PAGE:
Heart-shaped cheese. You know you love it.

Cheese @ PG

Oh yes, we brought in Valentine’s Day cheeses. What do you think, we’re made of stone? Pictured is the delightful Coeur du Berry ($10.99/each), an ash-rind fresh goat cheese with a dense texture and tart notes of lemon. We like the heart shape, but we suggest chopping it in half if you’re feeling rebellious to the saccharine mood. We also have customer favorite Grès Champenois ($7.99/each), a triple cream from Champagne, packaged with a red heart sticker at this time of year. It’s silky, oozy, nutty, rich, and tart—pair it with fizzy for an indulgent evening. L’Explorateur ($9.99/each) is another classic triple cream. Made in Ile-de-France, this cheese has buttery, mushroomy notes and a supremely creamy texture. No hearts on this one, just a rocket ship that celebrates the first U.S. satellite.

Wine @ PG

Heading south for terrific values and big, bright flavors.

Pretend You're in the South of France.

Les Fontanelles Sauvignon Blanc Vin de Pays d’Oc 2009 ($7.99)

With grapes selected from the vineyards of the small village of Puicheric in Southern France, this white is light, dry, and brimming with citrus notes. It offers a great mouthfeel and a clean finish. We are looking forward to white wines and couldn’t resist bringing in this unbelievably priced refresher!

Chateau du Seuil Coteaux d’Aix en Provence Rose 2009 ($10.99)

A textbook Provencal pink wine: fruit and minerals in harmony. A blend of Cabernet Sauvignon, Grenache, Syrah, and Cinsault. We brought this is last summer, and it’s holding up remarkably well, so we brought some more in. We’re able to offer it at this reduced price (was $14.99).

Domaine la Bastide “Les Genets” Syrah 2008 ($11.99)

Flavors of dark ripe fruit, coffee, and black tea, this 100% Syrah is essentially Corbières without being able to call itself that. This producer is known for exceptional wines, and we couldn’t resist the terrific value on this cuvée.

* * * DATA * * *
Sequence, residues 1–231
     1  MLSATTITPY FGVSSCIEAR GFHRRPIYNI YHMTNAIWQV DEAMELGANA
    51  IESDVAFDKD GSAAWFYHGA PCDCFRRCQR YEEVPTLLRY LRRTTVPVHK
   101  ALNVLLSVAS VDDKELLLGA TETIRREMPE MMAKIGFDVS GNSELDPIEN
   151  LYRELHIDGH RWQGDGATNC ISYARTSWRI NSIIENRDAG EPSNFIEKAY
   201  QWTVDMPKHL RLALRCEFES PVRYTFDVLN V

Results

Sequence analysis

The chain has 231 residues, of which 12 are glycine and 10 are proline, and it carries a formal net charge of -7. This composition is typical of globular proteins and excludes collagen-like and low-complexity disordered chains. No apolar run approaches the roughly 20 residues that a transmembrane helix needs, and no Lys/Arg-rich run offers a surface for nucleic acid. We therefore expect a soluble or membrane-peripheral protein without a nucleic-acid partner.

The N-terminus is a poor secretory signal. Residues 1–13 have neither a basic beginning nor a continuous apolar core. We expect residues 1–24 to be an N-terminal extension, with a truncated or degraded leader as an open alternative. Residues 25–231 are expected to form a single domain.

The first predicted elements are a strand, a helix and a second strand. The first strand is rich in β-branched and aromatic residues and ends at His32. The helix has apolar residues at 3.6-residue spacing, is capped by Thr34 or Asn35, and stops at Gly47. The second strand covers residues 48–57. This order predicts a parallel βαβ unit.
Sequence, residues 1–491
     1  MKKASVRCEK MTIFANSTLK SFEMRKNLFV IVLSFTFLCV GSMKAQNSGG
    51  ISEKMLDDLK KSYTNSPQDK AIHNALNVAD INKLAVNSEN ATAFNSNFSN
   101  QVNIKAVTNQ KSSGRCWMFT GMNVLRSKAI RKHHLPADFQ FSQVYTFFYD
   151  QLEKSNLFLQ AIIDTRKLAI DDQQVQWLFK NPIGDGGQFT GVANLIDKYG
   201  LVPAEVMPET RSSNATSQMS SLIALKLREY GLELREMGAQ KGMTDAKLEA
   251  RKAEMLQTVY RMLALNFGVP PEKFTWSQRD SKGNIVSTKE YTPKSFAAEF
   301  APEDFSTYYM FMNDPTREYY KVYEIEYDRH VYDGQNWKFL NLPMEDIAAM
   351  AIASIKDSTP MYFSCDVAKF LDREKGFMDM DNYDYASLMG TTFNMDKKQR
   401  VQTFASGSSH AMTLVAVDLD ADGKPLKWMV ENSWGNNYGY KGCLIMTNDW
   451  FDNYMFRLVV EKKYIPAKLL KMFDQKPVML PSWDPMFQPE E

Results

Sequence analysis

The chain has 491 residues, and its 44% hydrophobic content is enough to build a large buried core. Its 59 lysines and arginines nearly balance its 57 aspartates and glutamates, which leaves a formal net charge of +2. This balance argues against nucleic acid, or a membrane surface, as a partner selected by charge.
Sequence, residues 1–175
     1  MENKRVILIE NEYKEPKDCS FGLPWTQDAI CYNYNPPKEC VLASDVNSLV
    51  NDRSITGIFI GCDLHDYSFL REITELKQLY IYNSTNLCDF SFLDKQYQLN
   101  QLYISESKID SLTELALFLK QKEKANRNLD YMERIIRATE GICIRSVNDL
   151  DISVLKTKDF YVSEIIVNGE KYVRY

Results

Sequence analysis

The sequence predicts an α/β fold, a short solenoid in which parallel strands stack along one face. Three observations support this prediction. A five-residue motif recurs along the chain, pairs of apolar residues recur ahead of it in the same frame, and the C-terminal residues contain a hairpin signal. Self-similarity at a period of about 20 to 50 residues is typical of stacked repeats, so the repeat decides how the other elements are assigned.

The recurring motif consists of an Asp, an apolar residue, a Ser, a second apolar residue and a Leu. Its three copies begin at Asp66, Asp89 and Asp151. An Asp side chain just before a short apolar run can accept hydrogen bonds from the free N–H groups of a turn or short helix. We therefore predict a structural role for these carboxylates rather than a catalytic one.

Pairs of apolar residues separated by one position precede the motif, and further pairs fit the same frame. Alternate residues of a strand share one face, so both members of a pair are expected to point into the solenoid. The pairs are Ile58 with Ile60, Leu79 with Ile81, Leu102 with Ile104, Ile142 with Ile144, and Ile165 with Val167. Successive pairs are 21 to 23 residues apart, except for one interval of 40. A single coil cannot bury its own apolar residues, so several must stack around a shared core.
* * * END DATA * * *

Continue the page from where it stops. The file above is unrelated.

Craves @ PG

Blood orange: You heard it here first!

We’re more than a little excited about the latest Vosges chocolate offering—a 70% dark chocolate bar infused with blood orange caramel, hibiscus flowers, and Campari. It’s what we imagine a Tuscan afternoon tastes like. While we’re at it, we’d like to officially note that blood orange seems to be the new “it” flavor (we should have been more careful when we called “pie is the new cupcake” and “mostarda is the new chutney”: we didn’t get any credit for those.) Grab one of these attractive and unique chocolate bars for the attractive and unique one in your life.

Gifted @ PG

Nine ways to spice things up.

We love to buy spices and herbs in bulk; it avoids the price of expensive packaging and gives us a chance to offer a great value. We’ve put together these fantastic boxes of nine herbs and spices; they’re sort of a starter set for French and Moroccan cooking necessities. Just the right amount to experiment and find your new favorite seasoning! Each box includes the following:

  • Tarragon: French tarragon has a mint-anise taste that is particularly suited to vinegar and fish. It also goes well with poultry, vegetables, and fruits. Use it in the classic sauces remoulade and béarnaise.
  • Sel Gris de Guerande: This fine French sea salt with traces of mineral-rich grey crystals has been hand-harvested in Brittany. Its high moisture content gives it resilience on red meat, vegetables, cheeses, and chocolates.
  • Juniper Berries: A bittersweet, piney aroma. Crush juniper berries before using them in marinades for game, beef, or pork.
  • Lavender: A soft, floral aroma and taste pairs nicely with dishes both sweet and savory. Use in baking or roasts.
  • White Peppercorns: White pepper has a slightly musky aroma and flavor which goes especially well with meats such as pork. Gentle heat and invisible color make them a great alternative to standard black peppercorns.
  • Herbes de Provence: A mixture of thyme, marjoram, savory, and other herbs, but it’s the dried lavender that gives this blend its unique flavor profile. Pairs well with poultry, soups, and sauces.
  • Green Anise: Very sweet and aromatic, with a licorice-like flavor. Used as often in savory dishes with seafood or poultry as in sweet pastries and desserts. An essential herb for many French and Moroccan dishes.
  • Yellow Mustard Seeds: The most commonly used mustard seed. Used in pickling, sausage-making, and boiled vegetable dishes such as cabbage.
  • Berbere Pepper: A melange of spices made with chile pepper, ginger, cardamom, nutmeg, fenugreek, and garlic. Sort of a cross between a spicy paprika and a curry, it’s commonly used in Ethiopian cuisine.

 
Thanks for reading, see you soon!
Rachel

and
Steve Winston and Sharon Baden
Owners, Paris Grocery

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